mRNA surveillance


mRNA surveillance is the group of cellular processes responsible for the 'quality control' of mRNA transcripts by degrading those transcripts that, as a result of some error in transcription or post-transcriptional modification, would either produce non-functional proteins or damage the protein-translating ability of a ribosome. Surveillance is essential in ensuring that proteins are correctly and efficiently synthesised in the cell. There are three known processes of mRNA surveillance:

  • Nonsense-mediated mRNA decay
  • Nonstop-mediated mRNA decay
  • No-go-mediated mRNA decay

In nonsense-mediated mRNA decay, the goal is to destroy mRNA molecules with nonsense mutations that would lead to premature termination of polypeptide synthesis at the ribosome. When the translation of a protein aborts too early, a surveillance complex of proteins is recruited to the 'suspect' mRNA responsible. The protein complex scans the mRNA for errors. It distinguishes a nonsense mutation from a genuine stop codon by its relative position to the DNA sequence downstream of it. Various studies suggest that an mRNA will be marked for decay if the mutation is >50 nucleotides upstream of the last exon-exon junction on the transcript (such junctions are marked by proteins called exon junction complexes, EJCs). If the stop codon were <50 nucleotides of this location then it would be assumed to be a genuine stop codon and no decay pathway would be initiated. However, exceptions have been found: some mRNAs with a nonsense mutation very early in the reading frame (close to the 3' UTR) have evaded decay via this pathway.

In nonstop-mediated mRNA decay, the goal is to destroy mRNA molecules that lack any stop codons at all. This can arise, for example, when the 3' polyadenylated tail added during post-transcriptional modification is attached to the mRNA prematurely, before the stop codon sequence has been transcribed. This is problematic in the cell because without a stop codon, release factors do not become available, and the ribosome is 'stalled', unable to release the mRNA transcript. The NSMD pathway not only liberates the ribosome so it is free to continue translation, but also marks the aberrant mRNA for degradation by the cell's nucleases. The NSMD pathway has two sub-pathways which likely act together to destroy the mRNA:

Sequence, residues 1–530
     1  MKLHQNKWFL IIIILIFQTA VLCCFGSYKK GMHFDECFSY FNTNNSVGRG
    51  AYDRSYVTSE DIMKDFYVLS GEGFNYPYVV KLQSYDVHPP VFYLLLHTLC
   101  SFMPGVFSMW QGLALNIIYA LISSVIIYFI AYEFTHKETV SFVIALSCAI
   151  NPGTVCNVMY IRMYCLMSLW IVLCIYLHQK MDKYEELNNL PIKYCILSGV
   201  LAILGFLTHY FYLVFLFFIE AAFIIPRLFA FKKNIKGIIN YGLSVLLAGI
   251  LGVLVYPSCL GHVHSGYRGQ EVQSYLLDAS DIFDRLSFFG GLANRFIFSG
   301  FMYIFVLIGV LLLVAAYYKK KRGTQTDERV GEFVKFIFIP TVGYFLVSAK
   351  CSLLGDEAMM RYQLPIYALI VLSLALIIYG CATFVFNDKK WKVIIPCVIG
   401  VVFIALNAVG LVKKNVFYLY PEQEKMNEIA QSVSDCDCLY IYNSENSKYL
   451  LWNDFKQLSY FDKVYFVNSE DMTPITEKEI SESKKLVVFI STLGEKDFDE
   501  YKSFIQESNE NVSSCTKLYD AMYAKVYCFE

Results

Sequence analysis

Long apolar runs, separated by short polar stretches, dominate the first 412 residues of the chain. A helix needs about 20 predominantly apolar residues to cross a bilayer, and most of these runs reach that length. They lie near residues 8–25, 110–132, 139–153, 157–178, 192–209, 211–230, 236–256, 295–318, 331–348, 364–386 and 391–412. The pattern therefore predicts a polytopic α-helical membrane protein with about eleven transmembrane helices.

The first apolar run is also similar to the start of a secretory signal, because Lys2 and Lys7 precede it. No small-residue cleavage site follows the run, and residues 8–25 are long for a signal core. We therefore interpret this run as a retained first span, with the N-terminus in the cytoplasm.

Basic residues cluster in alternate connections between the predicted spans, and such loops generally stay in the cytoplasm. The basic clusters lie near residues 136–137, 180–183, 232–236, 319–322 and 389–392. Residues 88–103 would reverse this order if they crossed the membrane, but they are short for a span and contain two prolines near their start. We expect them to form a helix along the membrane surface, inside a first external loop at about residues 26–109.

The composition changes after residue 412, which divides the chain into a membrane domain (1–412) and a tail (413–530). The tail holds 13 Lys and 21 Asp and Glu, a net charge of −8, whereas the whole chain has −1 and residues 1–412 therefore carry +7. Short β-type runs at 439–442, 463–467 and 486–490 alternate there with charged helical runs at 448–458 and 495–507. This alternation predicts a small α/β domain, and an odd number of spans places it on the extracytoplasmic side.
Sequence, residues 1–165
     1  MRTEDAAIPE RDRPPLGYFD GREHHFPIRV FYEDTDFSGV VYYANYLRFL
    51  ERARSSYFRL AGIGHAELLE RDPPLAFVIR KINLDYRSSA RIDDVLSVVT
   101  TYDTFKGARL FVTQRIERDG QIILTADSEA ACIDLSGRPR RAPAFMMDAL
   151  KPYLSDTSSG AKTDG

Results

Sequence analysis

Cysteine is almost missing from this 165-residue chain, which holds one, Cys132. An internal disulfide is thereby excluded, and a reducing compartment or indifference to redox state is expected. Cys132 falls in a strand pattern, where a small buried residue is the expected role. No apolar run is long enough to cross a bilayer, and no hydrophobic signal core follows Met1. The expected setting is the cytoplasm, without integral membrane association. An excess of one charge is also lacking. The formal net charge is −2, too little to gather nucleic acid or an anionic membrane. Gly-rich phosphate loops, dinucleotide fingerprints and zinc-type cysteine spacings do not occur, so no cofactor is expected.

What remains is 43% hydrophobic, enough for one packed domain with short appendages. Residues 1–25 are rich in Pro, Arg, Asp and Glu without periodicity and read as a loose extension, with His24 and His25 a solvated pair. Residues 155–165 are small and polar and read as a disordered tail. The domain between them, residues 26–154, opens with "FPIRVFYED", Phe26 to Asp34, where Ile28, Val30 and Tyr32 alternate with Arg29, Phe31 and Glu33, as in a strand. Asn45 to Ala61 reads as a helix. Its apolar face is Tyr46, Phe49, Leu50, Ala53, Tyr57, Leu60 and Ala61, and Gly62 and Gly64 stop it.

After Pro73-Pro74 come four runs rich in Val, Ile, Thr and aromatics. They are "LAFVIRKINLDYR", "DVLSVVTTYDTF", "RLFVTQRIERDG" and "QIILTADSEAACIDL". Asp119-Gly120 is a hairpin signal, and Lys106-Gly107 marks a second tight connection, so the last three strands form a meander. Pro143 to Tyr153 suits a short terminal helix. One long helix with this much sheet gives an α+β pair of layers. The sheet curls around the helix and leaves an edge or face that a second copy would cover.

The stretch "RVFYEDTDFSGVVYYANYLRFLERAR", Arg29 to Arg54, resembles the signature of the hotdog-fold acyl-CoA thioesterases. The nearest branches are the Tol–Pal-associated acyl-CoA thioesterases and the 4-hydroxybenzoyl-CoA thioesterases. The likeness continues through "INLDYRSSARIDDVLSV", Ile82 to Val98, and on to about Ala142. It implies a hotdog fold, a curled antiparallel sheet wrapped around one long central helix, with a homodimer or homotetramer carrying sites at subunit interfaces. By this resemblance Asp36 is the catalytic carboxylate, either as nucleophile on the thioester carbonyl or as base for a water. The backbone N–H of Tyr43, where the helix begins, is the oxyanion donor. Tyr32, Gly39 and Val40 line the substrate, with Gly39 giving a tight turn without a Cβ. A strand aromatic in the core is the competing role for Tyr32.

• The Ski-7 pathway is dependent on a protein called Ski-7. Ski-7 binds to the A site of the ribosome (see the translation article for details of ribosome sites) and liberates the ribosome for further translation. It is then associated with the non-stop mRNA, targeting it to an exosome. The Ski-7-exosome complex then degrades the poly-A tail on the 5' end of the mRNA, allowing the exosome to proceed and decay the mRNA in a 5'-3' direction.
  • The non-Ski-7 pathway the 5'-methyl7guanosine cap is lost and the mRNA is open to degradation by exonucleases

In no-go-mediated mRNA decay, mRNA that has stalled a ribosome and become trapped mid-translation due to strong secondary structure interactions is cleaved (thereby liberating the stalled ribosome) and then endonucleolytically degraded by proteins such as Dom34-Hbs1. The proteins involved in this pathway also serve to block further translation factors from binding to the ribosome. The degraded fragments of mRNA are then fully degraded in the 3' to 5' direction by the exosome and in the 5' to 3' direction by an exonuclease called Xnr1.